Area (ha):53,500
Altitude (m):1000
# Species*:307
# Excl Vagrants*:306
# Endemics*:1
# Near Endemics*:4
Species/100 ha*:0.6
*Based on partial or incomplete data.
Habitat: Semi-arid Grassland, riverine forest, woodland


Samburu and Buffalo Springs were once a single reserve and are now separated only by the Ewaso Nyiro River. Shaba is a short distance east. The birds and mammals found in the 3 reserves are similar, though with a few differences due to the somewhat different habitat in each. All three are on the edge of the northern frontier of Kenya and hence are more arid than farther south.

The habitat at Samburu is semi-arid shrubby grassland, riverine forest, and woodland. Samburu is more rugged than the other two reserves, with rocky outcrops interspersed among the rolling hills. Buffalo Springs features similar habitat to Samburu but includes a large freshwater spring that attracts birds and mammals, especially during dry season. It's less hilly and more open than Samburu with stands of Doum Palm, gently rolling savanna, and Acacia woodland along the rivers. Shaba is larger than the other two reserves and features a volcanic cone as well as some swamp land. Shaba is wetter than the other reserves and is only accessible during rainy season by 4-wheel-drive.

Several endemic and range-restricted birds are best found in this area, notably Williams's Lark, a rare endemic found only in Shaba, Brown-tailed Apalis, a likely future split from Yellow-breasted Apalis, and a number of northern arid country specialties such as Somali Ostrich, Bristle-crowned Starling, Shining Sunbird, Donaldson-Smith's Sparrow-Weaver, and Red-rumped (Black-cheeked) Waxbill.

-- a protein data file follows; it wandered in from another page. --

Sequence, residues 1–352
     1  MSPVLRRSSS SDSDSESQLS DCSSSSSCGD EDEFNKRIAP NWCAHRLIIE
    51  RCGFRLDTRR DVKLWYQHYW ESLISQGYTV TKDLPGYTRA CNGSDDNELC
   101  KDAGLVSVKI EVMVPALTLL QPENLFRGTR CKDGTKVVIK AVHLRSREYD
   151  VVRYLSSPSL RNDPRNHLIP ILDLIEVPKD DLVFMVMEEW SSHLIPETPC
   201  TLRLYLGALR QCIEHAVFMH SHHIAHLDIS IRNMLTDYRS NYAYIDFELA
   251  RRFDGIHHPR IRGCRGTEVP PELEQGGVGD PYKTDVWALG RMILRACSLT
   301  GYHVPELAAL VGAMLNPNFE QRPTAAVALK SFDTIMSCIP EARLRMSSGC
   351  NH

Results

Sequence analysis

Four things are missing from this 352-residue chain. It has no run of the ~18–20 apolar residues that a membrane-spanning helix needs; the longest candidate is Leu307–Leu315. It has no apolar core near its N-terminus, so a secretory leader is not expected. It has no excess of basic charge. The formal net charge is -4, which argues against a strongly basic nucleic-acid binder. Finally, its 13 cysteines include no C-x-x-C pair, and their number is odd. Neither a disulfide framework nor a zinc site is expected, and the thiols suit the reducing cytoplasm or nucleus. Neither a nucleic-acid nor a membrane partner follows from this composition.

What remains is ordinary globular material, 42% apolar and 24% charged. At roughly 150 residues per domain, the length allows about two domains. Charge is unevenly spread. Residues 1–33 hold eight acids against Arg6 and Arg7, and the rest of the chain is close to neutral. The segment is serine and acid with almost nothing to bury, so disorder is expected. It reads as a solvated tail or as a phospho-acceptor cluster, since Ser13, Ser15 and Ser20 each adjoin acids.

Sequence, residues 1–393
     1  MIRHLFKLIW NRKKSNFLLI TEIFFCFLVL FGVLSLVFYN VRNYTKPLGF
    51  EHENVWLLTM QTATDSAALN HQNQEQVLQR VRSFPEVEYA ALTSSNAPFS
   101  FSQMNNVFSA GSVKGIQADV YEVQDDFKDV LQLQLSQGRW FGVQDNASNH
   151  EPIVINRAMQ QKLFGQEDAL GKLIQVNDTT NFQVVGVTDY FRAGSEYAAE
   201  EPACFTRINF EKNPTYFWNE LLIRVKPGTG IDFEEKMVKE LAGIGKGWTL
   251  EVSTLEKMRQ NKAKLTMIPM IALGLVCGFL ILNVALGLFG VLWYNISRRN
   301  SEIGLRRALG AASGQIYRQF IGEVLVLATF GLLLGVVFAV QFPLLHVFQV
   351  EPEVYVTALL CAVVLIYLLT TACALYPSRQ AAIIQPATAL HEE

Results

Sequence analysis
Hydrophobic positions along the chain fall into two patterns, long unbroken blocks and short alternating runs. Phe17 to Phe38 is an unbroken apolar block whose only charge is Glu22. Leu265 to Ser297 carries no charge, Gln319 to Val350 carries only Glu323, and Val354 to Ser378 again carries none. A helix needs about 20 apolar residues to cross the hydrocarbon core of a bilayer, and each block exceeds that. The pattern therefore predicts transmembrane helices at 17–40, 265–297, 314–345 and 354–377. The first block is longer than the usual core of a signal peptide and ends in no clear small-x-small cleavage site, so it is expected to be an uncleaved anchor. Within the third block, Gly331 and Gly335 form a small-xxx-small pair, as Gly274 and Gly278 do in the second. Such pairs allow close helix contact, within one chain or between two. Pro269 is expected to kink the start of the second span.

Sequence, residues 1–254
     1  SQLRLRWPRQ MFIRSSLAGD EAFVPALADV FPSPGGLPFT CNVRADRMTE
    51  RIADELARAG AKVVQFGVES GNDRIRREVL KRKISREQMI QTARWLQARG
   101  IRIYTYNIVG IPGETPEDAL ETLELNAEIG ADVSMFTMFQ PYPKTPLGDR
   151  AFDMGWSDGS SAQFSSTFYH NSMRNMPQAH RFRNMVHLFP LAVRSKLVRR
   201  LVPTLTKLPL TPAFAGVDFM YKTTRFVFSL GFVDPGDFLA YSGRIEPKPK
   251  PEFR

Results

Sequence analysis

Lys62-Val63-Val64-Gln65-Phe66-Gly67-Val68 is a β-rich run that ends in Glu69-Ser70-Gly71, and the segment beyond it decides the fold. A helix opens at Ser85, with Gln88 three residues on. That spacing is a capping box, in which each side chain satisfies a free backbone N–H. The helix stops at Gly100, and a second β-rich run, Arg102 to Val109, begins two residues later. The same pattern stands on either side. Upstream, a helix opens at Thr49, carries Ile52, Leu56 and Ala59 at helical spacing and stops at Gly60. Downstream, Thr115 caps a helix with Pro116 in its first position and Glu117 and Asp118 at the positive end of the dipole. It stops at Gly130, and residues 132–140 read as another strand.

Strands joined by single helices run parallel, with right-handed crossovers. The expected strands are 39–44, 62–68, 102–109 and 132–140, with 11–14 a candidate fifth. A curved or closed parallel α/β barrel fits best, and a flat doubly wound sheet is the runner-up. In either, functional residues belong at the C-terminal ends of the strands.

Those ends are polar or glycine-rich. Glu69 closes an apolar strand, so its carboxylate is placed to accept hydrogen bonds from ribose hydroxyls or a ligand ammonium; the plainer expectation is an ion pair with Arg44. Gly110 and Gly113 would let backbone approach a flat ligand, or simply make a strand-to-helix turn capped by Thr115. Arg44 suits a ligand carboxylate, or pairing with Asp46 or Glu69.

The area is also home to several mammals not seen farther south. These are Gerenuk, a strange long-necked antelope that stands on its hind-legs to reach branches beyond the reach of other antelopes, the highly endangered Grevy's Zebra, a beautiful zebra with narrows stripes than Common Zebra, and Reticulated Giraffe, which has more clearly defined lines on its body pattern than the more common Masai Giraffe. There are also Beisa Oryx in the drier parts of the reserves as well as lions, cheetahs, leopards, and many more widely distributed mammals in the reserves.


Samburu, Buffalo Springs, and Shaba are located in close proximity to each other. Samburu and Buffalo Springs are contiguous and were once a single reserve. Shaba is a short drive to the east. All reserves are about 343 km (6 hours) north of Nairobi. They are reached via Isolo and Archer's Post.